The White House has dramatically tightened its vetting process following embarrassing revelations of past tax problems by several nominees, according to two officials familiar with the process.
The officials said the White House has intensified efforts to study the background of potential nominees - in particular, their tax-payment histories.
The result is what one of the officials called a “massively revamped tax vetting” – a “mini-audit,” as another source put it — and a significant delay in the nominations process.
One source familiar with the process said that "a string of seismic events" — the withdrawal of would-be Health and Human Services Secretary Tom Daschle and chief performance officer-nominee Nancy Killefer, and the tax problems that bedeviled Treasury Secretary Timothy Geithner — prompted the overhaul.
"A narrative was building, and the president asked us to be more vigilant in the vetting process," said a source involved in the vetting.
A month into his presidency, Obama has 13 of his 15 Cabinet secretaries confirmed. But after prior nominees withdrew, the president has yet to name new nominees to lead the Commerce Department or Health and Human Services. One of the sources involved in the process said the administration still has more than 1,500 vacancies to fill – a process that will now “take the better part of the year” to complete.
The sources declined to discuss specific problems that may or may not have been identified under the new procedures. One said that the new procedures have, in fact, saved the White House from some potential embarrassments – but haven’t turned up any red flags on the individuals being considered for Cabinet posts.
A White House spokesman declined to discuss the vetting process. And when the Washington Post reported in early February that White House Counsel Gregory Craig was assuming control of the vetting process, White House press secretary Robert Gibbs said he was unaware of any changes being made to the process itself.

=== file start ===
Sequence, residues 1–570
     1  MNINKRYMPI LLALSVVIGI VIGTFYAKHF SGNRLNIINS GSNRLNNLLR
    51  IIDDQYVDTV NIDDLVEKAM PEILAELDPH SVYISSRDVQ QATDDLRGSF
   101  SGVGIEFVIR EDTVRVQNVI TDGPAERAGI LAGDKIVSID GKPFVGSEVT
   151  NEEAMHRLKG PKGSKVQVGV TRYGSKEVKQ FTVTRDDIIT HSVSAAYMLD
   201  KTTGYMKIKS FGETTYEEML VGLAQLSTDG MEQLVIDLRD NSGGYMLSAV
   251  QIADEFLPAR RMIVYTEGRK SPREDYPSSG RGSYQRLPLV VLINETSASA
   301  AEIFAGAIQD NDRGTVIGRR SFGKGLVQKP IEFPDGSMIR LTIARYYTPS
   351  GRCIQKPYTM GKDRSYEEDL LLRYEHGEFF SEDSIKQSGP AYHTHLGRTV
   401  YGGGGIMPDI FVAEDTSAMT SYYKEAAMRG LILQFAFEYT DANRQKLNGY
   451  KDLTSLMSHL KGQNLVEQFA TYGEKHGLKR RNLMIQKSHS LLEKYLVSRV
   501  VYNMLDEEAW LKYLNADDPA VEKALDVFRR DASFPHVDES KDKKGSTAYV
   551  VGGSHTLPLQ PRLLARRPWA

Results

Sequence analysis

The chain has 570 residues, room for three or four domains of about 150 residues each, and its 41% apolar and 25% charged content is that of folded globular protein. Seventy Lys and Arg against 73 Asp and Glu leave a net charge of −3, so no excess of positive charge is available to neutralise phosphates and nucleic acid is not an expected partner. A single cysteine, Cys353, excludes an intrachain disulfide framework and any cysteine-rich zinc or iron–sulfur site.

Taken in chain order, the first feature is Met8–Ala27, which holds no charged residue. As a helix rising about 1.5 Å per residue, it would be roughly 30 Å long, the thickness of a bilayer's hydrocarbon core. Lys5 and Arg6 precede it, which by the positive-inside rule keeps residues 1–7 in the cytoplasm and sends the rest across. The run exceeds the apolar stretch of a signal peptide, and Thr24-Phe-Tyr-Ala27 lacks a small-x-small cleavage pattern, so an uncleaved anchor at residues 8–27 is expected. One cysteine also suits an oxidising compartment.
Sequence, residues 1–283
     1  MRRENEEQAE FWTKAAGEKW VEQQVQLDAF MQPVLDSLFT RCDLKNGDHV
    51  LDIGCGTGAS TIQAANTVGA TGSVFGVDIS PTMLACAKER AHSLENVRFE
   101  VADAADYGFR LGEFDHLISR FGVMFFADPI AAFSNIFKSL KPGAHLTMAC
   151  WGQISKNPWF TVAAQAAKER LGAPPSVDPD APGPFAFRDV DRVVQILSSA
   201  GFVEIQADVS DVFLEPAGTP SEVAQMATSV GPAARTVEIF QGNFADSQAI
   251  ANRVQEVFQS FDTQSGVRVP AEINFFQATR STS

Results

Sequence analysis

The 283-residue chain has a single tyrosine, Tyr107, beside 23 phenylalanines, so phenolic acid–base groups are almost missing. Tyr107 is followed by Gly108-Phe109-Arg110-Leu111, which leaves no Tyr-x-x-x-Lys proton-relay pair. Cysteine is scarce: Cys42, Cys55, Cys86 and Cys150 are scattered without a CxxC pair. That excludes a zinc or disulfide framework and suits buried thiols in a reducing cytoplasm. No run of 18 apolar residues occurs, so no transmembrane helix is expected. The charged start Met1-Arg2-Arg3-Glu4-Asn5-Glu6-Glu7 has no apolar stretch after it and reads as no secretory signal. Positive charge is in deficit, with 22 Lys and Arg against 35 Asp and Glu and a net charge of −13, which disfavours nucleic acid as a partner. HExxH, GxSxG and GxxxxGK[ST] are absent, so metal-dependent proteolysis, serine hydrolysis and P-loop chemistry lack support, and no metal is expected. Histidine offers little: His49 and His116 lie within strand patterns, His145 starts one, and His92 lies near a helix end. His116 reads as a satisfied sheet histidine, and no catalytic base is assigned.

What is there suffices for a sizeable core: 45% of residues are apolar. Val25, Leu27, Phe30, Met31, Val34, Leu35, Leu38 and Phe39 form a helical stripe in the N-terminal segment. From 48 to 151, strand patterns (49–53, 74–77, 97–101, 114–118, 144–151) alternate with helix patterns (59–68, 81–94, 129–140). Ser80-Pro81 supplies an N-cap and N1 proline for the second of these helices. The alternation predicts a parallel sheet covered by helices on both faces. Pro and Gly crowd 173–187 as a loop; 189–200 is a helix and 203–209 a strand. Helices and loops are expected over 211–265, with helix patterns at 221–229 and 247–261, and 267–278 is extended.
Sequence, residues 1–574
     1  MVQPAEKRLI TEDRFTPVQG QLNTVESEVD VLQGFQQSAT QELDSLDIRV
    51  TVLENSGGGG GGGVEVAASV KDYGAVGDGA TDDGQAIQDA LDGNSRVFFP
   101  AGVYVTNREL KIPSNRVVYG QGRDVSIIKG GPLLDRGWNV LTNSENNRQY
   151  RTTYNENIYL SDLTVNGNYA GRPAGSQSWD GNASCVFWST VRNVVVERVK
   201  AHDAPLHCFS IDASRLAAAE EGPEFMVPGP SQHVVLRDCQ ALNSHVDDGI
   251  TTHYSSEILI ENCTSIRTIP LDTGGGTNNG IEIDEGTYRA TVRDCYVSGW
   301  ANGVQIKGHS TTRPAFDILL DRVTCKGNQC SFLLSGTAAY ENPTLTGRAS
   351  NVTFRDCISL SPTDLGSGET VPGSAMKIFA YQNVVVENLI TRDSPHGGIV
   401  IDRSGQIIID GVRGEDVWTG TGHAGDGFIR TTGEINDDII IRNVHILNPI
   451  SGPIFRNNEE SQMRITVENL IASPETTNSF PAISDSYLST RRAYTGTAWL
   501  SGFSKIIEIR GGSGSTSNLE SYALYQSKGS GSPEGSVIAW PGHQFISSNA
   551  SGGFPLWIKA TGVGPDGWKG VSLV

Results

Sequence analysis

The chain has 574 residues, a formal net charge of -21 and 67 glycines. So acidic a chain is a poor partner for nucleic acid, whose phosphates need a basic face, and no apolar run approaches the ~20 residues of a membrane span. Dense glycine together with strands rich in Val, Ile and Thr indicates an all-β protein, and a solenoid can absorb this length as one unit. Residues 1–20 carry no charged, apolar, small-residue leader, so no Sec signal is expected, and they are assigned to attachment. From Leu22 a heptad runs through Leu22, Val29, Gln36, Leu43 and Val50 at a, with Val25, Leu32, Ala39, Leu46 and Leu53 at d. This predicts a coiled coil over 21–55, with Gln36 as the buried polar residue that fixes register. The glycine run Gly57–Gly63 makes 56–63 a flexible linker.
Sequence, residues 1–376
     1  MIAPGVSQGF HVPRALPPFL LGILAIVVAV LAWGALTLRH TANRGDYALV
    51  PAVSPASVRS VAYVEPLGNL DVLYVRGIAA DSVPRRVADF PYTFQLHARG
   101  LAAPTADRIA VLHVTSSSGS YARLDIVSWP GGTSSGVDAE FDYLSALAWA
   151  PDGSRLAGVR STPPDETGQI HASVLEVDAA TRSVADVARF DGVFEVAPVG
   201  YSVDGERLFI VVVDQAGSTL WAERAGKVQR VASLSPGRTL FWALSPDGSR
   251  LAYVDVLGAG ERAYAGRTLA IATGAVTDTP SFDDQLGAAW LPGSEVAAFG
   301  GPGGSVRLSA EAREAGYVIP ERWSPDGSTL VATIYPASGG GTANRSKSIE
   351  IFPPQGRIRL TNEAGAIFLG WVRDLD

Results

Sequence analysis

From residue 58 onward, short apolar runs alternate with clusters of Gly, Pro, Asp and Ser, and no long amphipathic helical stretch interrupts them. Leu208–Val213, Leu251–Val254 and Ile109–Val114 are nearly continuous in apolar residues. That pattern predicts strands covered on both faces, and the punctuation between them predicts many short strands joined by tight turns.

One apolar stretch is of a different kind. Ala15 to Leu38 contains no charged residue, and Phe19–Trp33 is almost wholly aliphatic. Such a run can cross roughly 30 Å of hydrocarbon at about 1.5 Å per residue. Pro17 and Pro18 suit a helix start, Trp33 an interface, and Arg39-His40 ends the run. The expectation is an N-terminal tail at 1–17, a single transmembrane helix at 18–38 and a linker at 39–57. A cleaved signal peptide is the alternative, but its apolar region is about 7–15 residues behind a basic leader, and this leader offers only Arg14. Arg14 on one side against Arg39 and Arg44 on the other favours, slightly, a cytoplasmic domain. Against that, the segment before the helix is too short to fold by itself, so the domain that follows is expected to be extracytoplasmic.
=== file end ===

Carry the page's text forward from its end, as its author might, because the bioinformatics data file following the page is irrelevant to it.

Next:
But sources say that a group of officials is now reviewing each nominee's income tax records. Anything that looks the least bit unusual is flagged for further explanation and deeper vetting, according to the sources.
"When they started the vetting process they were simply having the IRS verify that [potential nominees had] never been late on taxes and if they had, what was the extent of it," said the source who’s familiar with the process from the outside.
Before the recent change in procedure, the Obama team required nominees to authorize the IRS to share information about their taxes, this source said. With that authorization, the IRS would inform the administration whether the candidate had ever had any outstanding taxes.
"Now they're not just relying on that," the source said. "They have a team of people literally going through tax returns. It's not just enough to know you've paid your taxes on time now."
The source said the new process is causing delays as questions bounce from the vetters to the potential nominees to the nominees' accountants and back again.
"Everything is being double- and triple-checked — there can't be room for error," said one of the sources involved in the process. "We're crossing our Ts and dotting our Is. We're scrutinizing everything . . . [to] make sure it's done right."
The source said that the new procedures have "slowed down the process significantly."
"We're walking, maybe even crawling," the source said.
Before Obama’s inauguration, the vetting process focused first on top-tier nominees before beginning to vet lower-level positions. Now, while the goal is to still to complete top positions first, the White House team is vetting a lot of candidates simultaneously, a source familiar with the process said. The administration is not waiting, for example, to have a Commerce secretary before vetting candidates for assistant secretaries and undersecretaries.
Whether the Senate will begin confirming these lower-level positions before their superiors are confirmed will be determined in coming weeks.